Inspection shows no stray electricity at Crab Corner

Information contradicts earlier statement about marine voltage.

Selectmen Bill Rossi and Warren Doty and town executive secretary Tim Carroll listen to a Menemsha electrical report from inspector of wires Cole Powers at Tuesday evening's selectmen's meeting. Mr. Powers said he detected no marine voltage at Crab Corner—information that contradicts a statement made by the board's harbor liaison, Jim Malkin, two weeks ago. — Rich Saltzberg

Crab Corner, Menemsha’s popular children’s beach, remains closed despite a recent inspection that found it free of the stray voltage that has plagued it throughout the heart of the summer and resulted in several people receiving shocks, tingles, or “tickles” when coming in contact with seawater in the area.

Crab Corner’s closure spurred parents and grandparents with fondness for the place to sign an online petition demanding it be reopened.

Few petitioners were on hand Tuesday evening when Cole Powers, Chilmark’s inspector of wires, told the town’s selectmen that no voltage was detected during a 10-day inspection that the board commissioned him to execute in the vicinity of Crab Corner. The information Mr. Powers relayed ran counter to statements made at a meeting two weeks prior when selectman Jim Malkin, the board’s harbor liaison, said he’d spoken to Mr. Powers’ office and learned that more voltage was found.

“They have detected voltage,” he said, “but they have not detected major voltage.”

Mr. Malkin was absent from Tuesday’s meeting. Neither selectman Bill Rossi nor selectman Warren Doty asked about the contradiction Mr. Powers’ report presented in light of Mr. Malkin’s past statement. Nor was information provided about any other testing periods in Menemsha that may have accounted for the positive voltage readings Mr. Malkin previously spoke about.  Reached by telephone the next day, Mr. Rossi said he was unaware of any other testing data taken at Crab Corner. “That’s the only concrete information that I have,” he said, citing the report by Mr. Powers.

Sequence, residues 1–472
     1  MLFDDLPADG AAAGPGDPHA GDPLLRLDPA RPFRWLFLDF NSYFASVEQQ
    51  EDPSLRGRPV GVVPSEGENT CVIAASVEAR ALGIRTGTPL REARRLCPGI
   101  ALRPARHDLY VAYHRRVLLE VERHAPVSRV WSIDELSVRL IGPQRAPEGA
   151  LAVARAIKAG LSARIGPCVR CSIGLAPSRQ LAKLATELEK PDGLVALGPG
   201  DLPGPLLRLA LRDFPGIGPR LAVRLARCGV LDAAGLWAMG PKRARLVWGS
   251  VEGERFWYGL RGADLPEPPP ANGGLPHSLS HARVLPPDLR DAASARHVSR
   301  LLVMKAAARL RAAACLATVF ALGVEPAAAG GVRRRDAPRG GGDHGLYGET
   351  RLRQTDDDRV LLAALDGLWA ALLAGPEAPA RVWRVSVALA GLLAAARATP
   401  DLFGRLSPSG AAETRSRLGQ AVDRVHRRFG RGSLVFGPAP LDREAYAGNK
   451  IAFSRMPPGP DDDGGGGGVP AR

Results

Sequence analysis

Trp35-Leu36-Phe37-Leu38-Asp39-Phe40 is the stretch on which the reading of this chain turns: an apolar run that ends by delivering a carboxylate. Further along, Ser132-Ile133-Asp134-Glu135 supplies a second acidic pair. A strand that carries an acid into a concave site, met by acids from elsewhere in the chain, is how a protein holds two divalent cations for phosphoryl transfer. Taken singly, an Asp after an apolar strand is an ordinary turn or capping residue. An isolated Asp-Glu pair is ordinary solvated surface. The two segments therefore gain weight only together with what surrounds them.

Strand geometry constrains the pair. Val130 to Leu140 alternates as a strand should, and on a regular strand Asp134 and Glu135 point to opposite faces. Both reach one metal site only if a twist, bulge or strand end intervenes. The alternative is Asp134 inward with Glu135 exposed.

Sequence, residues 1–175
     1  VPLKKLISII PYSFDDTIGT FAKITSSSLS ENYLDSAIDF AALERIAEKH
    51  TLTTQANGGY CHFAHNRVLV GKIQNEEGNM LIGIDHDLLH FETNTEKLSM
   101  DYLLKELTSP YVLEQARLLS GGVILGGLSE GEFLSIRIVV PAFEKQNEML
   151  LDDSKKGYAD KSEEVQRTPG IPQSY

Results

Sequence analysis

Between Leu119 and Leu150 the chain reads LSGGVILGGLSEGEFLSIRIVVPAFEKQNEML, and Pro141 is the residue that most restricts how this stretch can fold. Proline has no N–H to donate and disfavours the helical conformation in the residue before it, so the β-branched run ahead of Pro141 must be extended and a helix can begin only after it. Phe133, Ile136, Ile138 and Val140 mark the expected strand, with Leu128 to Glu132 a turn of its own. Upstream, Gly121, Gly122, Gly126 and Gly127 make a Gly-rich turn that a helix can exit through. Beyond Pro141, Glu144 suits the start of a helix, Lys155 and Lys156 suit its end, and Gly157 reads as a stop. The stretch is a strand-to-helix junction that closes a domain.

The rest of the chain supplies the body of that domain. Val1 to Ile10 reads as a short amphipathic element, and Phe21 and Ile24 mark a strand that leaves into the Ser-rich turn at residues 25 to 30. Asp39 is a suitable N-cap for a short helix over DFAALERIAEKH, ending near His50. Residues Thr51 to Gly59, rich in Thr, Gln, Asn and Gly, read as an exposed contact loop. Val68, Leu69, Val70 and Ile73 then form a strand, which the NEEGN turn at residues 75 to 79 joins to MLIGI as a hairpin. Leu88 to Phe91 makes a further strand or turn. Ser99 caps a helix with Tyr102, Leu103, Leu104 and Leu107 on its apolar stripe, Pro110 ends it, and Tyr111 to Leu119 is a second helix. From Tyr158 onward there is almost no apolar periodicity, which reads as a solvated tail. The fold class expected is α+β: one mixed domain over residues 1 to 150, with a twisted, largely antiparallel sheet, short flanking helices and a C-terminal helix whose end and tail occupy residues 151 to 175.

Mr. Powers also outlined for the selectmen the grounding conditions he uncovered in early July, when he was first asked to examine the electrical condition of the transient dock adjacent to Crab Corner.

“The panel that feeds the transient dock pedestals had not, what I would call, adequate ground connections to eliminate the possibility of stray voltage, transient voltage, or even ground faults, which is the most dangerous of all conditions,” he said.

Mr. Powers said he ordered fix to grounding issues at the dock that “immediately rectified the condition that people were experiencing.”

However, Mr. Powers also suggested that some degree of stray voltage is a longstanding chronic condition of the harbor, and the Vineyard as a whole, due to the feeble grounding capacities of Island soils. He also said that the installation of the transient dock may have exacerbated the preexisting electrical abnormalities in the harbor.